Sourdough (rec.food.sourdough) Discussing the hobby or craft of baking with sourdough. We are not just a recipe group, Our charter is to discuss the care, feeding, and breeding of yeasts and lactobacilli that make up sourdough cultures.

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Old 19-07-2006, 04:01 AM posted to rec.food.sourdough
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Default Sourdough Starter Correction for "The Bread Baker's Apprentice" Readers

Peter Reinhart posted this in his blog on 07/18/2006
Please check this
http://peterreinhart.typepad.com/pet...ugh_start.html


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Old 19-07-2006, 02:22 PM posted to rec.food.sourdough
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Default Sourdough Starter Correction for "The Bread Baker's Apprentice" Readers


"wildeny" wrote in message ups.com...

Peter Reinhart posted this in his blog on 07/18/2006
Please check this
http://peterreinhart.typepad.com/pet...ugh_start.html


Yeasts are facultative aerobes, meaning that they can switch, under
certain conditions, from anaerobic metabolism to aerobic. However,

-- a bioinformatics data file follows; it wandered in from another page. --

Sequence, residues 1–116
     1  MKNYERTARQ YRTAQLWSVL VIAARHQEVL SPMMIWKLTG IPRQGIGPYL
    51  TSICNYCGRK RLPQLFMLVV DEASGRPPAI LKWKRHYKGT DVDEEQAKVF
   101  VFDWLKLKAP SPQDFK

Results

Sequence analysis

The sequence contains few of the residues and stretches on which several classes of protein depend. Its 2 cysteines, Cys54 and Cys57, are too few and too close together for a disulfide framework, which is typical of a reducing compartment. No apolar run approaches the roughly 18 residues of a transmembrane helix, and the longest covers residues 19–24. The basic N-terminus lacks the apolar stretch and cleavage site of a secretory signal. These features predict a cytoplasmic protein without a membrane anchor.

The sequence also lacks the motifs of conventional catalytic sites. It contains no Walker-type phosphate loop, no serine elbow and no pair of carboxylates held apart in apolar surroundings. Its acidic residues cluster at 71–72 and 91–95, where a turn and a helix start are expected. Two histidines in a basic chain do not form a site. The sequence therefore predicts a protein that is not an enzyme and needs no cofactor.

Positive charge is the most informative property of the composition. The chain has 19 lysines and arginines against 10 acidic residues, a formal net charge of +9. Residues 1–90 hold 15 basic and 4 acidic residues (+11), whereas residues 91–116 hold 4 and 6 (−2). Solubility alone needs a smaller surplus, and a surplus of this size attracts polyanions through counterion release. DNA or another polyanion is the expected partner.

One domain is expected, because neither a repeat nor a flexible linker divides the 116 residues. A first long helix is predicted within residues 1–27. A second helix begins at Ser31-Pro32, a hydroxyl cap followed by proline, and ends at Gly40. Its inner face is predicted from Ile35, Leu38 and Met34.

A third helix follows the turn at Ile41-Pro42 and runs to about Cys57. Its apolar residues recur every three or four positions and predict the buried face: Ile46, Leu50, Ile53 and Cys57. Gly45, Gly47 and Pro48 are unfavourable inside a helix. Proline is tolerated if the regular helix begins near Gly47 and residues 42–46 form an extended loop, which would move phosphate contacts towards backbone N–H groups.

it is quite likely that dough and starter fermentations are anaerobic,
and that stirring effectively speeds fermentation by repositioning the yeast
cells with respect to their nutrients, which are depleted in their nearness
by their metabolic activities.

Drying thin layers of batter, on the other hand, might possibly involve
aerobiosis, particularly inasmuch as the diffusion path is short, practically
allowing oxygen to reach the yeast cells. Under conditions of nutrient
depletion and oxygen abundance, yeasts may (when complementary
mating strains are available) merge and sporulate. Conceivably that
could be a mechanism in SD culture drying -- but unlikely because bread
yeasts tend primarily to be polyploid, and thus incapable of the orderly
reduction division required for sporulation.

Here is some discussion:
http://www.microbiologyprocedure.com...n-in-fungi.htm

I have several (more than 6) times seen the false coming-to-life of reactivating
dry cultures mentioned by the subject author. Somewhere at r.f.s. I have
reported on that. It is my experience that there is no possibility of recovery